Texans casting a ballot on Monday, when early voting begins, will need to show one of seven forms of photo ID. A concealed handgun license is okay, but a student ID isn't. The Supreme Court on Saturday allowed Texas to go forward with this controversial voter ID law. A federal judge had previously struck down the law, arguing that it could disenfranchise 600,000 voters or a full 4.5 percent of registered voters, many of them black and Latino.
Critics say voter ID laws, especially the one in Texas, amount to voter suppression, because it can be both difficult and costly to get the required identification. In a powerfully worded dissent, Justice Ruth Bader Ginsburg, joined by Sonia Sotomayor and Elena Kagen, wrote, “The greatest threat to public confidence in elections in this case is the prospect of enforcing a purposefully discriminatory law, one that likely imposes an unconstitutional poll tax and risks denying the right to vote to hundreds of thousands of eligible voters.”
Saturday’s decision marks the third time this season that the Supreme Court has allowed a controversial voter law to take effect. The other two were about measures in Ohio and North Carolina. This may not seem surprising, given that the Robert Court has struck down a key section of the Voting Rights Act, but the rationale for this (and the other decisions) may have been more about timing than substance—in particular, observing the precedent of Purcell v. Gonzalez, in which the Court has blocked last-minute changes in voting laws in order to avoid confusion. Still, what's worse? A confused voter or a disenfranchised one? The latter, Ian Millhiser argued at ThinkProgress: "If a confused voter brings an ID to the polls that they do not need to have, they will still get to cast a ballot. But if the same voter mistakenly forgets their ID (or fails to obtain one) because they were confused and believed that their state’s voter ID law was not in effect, then they will be disenfranchised."
Actual voter fraud, which is the problem that Republican legislation supposedly addresses, is difficult to find. Ginsburg noted that there were "only two in-person voter fraud cases prosecuted to conviction" in Texas in almost a decade. The consequences of voter ID laws, on the other hand, are much easier to track. According to the nonpartisan Government Accountability Office, existing ID requirements reduced turnout in some states during the last presidential election, particularly among young and black voters. Now, imagine the impact is even larger, because it is spread over the 33 states that now require some form of photo ID to vote. The same report found that the costs of acquiring the needed ID ranged between $14.50 to $58.50 for 17 of the states.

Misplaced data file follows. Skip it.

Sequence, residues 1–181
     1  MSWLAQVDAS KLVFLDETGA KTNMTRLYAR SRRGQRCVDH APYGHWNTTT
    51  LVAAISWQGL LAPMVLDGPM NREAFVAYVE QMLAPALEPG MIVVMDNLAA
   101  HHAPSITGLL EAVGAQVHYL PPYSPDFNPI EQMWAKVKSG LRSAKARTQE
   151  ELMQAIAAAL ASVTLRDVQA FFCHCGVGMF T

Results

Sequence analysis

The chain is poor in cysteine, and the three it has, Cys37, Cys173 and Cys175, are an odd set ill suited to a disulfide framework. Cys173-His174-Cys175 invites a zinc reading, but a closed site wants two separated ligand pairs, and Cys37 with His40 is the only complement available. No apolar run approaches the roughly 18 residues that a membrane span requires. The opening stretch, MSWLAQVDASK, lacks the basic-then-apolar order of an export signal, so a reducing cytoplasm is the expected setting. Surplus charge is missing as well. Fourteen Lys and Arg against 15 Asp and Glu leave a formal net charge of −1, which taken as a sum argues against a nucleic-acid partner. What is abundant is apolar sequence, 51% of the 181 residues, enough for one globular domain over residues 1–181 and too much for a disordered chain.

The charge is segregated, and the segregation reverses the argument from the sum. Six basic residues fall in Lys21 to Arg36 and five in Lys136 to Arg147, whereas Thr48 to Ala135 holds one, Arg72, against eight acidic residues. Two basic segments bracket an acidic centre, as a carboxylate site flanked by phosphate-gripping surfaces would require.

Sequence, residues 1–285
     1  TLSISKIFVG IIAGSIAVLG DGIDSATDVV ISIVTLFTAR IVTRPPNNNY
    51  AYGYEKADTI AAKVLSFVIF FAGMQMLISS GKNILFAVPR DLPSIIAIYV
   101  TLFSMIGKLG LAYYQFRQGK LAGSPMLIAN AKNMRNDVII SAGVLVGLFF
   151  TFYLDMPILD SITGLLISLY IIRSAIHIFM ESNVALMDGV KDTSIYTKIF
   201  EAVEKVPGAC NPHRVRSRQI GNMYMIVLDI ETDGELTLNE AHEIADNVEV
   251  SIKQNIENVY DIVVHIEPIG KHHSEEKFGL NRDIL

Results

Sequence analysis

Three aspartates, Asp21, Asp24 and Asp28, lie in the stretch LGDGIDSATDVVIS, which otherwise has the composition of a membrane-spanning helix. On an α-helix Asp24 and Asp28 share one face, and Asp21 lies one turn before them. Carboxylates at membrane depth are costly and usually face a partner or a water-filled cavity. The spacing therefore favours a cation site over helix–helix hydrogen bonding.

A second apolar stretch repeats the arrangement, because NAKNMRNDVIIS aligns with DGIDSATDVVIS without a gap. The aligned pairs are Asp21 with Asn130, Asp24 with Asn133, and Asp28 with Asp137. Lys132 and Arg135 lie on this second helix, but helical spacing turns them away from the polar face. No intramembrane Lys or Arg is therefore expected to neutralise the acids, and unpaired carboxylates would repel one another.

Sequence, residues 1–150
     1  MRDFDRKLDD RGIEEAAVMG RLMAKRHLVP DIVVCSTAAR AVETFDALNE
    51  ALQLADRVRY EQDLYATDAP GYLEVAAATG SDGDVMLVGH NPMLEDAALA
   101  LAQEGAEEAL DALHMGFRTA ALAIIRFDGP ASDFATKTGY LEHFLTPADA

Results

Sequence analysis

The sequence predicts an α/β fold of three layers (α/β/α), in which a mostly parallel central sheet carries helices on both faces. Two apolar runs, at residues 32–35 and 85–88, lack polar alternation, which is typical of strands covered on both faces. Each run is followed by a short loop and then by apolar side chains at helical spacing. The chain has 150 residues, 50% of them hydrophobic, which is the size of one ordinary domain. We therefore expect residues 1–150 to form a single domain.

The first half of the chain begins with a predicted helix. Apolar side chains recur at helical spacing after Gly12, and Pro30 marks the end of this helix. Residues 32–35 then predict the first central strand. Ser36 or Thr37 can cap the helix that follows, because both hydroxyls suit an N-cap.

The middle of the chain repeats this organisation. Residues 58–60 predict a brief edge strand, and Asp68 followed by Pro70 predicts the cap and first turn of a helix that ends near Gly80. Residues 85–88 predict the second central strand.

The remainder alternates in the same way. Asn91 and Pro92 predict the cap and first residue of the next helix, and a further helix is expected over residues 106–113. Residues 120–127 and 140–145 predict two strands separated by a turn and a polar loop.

News from the weekend
EBOLA: The U.S. now has an Ebola czar, and Jonathan Cohn describes his credentials. The Pentagon has a medical response team in place to be deployed in America if there are any other Ebola diagnoses. So far, every suspected Ebola scare has turned up negative. (USA Today) And as of early Monday morning, 48 people who’d had contact with Timothy Duncan in Texas have finished the 21-day waiting period for Ebola—and none appears to have disease. (NBC News) Harold Pollack wonders if maybe the public health system is working after all. (Politico)
SAME-SEX MARRIAGE: The federal government announced it would recognize same-sex marriages in the five states affected by the Supreme Court’s tacit approval of state laws overturning same-sex marriage bans. (Evan Perez, CNN)
MORE LGBT NEWS: Bishops and cardinals ended up removing the revolutionary paragraphs in an earlier document that would have embraced remarried and same-sex couples as "partners." (John L. Allen, The Crux)
ECONOMY: Federal Reserve chairwoman Janet Yellen voiced concern over rising inequality, saying the divide is threatening the country’s economic performance. (Pedro Nicolaci Da Costa, Wall Street Journal)
Articles worth reading
Long read of the day. Laurie Abraham writes a deeply personal, thoughtful essay about the stigma surrounding abortion, even though close to one in three women undergoes the procedure before turning 45. (Elle)
Investigative piece of the day. Shanon Lerner pokes around a town in Florida that saw brain cancer jump 550 percent among girls. Who’s to blame? (The Nation)
Going to the ground game. Recent polls don't look so hot for the Democrats, but Greg Sargent thinks early voting might give struggling candidates an unexpected boost. (Washington Post)
Big, fat nothing. Researchers are close to creating black hole in a laboratory. OK, is anybody else worried about this? (Ron Cowen, Scientific American)
Jonathan Cohn weighs the nuanced arguments for and against a travel ban on West African countries. Meanwhile, Rebecca Leber has advice for media outlets on how to report about Ebola: calmly. Howard Markel remembers the 1892 cholera scare, which turns out to have a lot in common with today’s ebola scare. Still concerned? Danny Vinik says the best thing you can do is get a flu shot.
Links compiled by Claire Groden and Naomi Shavin.